- Agility and responsiveness
- Land use
Investors will place a higher focus on securing space in cities that are responsible, able to quickly realign supply chains and digitize—all while having a high livability rating for quality of life and affordability.
3. Establish and nurture mutually beneficial partnerships.
JLL defines tiered Global Cities as those with unique specializations, such as the financial industries in London and New York, or the business and health sector in Boston. One commonality of Global Cities is that they have established relationships with one another. Rather than directly competing, they complement each other, building on each other’s strengths to bring about greater and broader impact. These cities demonstrate that while innovation and specialization are important, connectivity is key.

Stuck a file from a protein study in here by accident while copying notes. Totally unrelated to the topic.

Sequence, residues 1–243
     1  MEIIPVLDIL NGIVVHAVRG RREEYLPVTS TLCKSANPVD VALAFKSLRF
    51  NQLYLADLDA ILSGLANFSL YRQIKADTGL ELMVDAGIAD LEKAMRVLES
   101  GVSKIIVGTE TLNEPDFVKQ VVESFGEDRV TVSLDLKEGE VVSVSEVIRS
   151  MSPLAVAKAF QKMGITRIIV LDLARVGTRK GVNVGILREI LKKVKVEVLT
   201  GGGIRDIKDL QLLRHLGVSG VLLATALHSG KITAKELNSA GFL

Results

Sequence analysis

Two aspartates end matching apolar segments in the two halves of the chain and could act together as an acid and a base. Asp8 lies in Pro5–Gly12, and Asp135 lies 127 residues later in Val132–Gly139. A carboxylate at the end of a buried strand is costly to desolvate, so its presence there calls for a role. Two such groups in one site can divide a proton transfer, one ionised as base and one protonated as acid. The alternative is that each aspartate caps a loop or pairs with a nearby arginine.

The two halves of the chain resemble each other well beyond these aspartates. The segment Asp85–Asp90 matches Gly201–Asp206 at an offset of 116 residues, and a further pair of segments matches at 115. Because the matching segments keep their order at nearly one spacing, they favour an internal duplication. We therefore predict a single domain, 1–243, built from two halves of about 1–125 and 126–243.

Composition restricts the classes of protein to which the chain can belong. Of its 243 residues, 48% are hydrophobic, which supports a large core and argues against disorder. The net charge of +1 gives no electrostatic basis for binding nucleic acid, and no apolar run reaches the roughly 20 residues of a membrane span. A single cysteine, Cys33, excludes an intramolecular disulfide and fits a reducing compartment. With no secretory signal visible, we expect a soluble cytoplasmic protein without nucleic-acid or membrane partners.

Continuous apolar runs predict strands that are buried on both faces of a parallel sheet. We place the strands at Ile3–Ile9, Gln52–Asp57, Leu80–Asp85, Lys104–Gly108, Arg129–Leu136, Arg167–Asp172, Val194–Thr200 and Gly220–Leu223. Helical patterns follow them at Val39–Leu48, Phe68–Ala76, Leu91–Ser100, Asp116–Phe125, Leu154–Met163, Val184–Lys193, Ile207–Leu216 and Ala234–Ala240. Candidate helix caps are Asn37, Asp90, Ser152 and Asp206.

Philadelphia has the opportunity to build relationships with complementary cities like Boston and San Francisco, and globally, like London and Seoul to fuel growth locally and impart significant, widespread impact. Linkage with like-minded cities is crucial to position Philadelphia for continued innovation and recognition.
In addition to building relationships across the map, nurturing relationships with local governmental bodies and organizations is important to continued prosperity. Investors should consider opportunities to grow the Philadelphia workforce by pursuing partnerships with local high schools and community colleges to nurture the young talent that already calls this region home. Offer them opportunities to learn and introduce them to the lifestyle and advantages of working in eds and meds space, and ultimately, invite them to stay for the long-term.
These are all important factors that have contributed to Philadelphia’s rise as a New World City, and, with a focus on positioning for growth and fueling innovation, the city will continue to elevate its rank among the world’s leading urban areas.
More information on investment opportunities in the Philadelphia market and research behind the positive impacts of cell and gene therapy in the city can be found at www.jll.com/philadelphia.